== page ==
Douglas Curtis "Curt" Swan (February 17, 1920 – June 17, 1996) was an American comic book artist. The artist most associated with Superman during the period fans call the Silver Age of Comic Books, Swan produced hundreds of covers and stories from the 1950s through the 1980s.
Curt Swan, whose Swedish grandmother had shortened the original family name of Swanson, was the youngest of five children. Father John Swan worked for the railroads; mother Leontine Jessie Hanson had worked in a local hospital. As a boy, Swan's given name – Douglas – was shortened to "Doug," and, disliking the phonetic similarity to "Dog," Swan thereafter reversed the order of his given names and went by "Curtis Douglas," rather than "Douglas Curtis."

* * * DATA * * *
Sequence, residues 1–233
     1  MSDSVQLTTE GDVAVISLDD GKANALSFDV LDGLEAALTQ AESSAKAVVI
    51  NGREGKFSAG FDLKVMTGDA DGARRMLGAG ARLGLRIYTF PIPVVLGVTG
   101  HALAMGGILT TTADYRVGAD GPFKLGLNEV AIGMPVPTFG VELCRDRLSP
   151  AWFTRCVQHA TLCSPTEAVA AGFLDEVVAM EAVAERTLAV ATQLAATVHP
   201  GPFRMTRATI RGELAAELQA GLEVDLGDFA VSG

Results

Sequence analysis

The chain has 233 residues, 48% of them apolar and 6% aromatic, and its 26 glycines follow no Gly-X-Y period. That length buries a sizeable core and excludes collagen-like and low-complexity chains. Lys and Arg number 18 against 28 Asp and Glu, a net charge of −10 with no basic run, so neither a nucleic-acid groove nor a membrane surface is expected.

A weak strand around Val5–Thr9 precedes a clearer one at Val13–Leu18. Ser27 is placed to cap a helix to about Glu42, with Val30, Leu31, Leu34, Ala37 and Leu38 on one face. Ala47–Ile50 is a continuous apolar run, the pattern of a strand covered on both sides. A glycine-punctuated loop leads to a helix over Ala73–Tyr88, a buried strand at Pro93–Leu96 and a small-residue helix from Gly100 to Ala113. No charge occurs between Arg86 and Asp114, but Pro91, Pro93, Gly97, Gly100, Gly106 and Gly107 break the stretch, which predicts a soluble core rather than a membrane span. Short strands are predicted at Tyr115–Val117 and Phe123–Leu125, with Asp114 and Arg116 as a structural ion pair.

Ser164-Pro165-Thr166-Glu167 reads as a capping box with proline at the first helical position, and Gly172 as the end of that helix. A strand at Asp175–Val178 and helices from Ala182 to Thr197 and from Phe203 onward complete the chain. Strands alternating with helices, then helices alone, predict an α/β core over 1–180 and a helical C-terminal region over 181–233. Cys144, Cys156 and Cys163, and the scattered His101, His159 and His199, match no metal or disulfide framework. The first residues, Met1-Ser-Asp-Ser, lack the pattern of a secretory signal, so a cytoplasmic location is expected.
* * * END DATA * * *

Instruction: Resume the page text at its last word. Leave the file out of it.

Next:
Having enlisted in Minnesota's National Guard's 135th Regiment, 34th Division in 1940, Swan was sent to Europe when the "federalized" division was shipped initially to Northern Ireland and Scotland. While his comrades in the 34th eventually went into combat in North Africa and Italy, Swan spent most of World War II working as an artist for the G.I. magazine Stars and Stripes. While at Stars and Stripes, Swan met writer France Herron, who eventually directed him to DC Comics.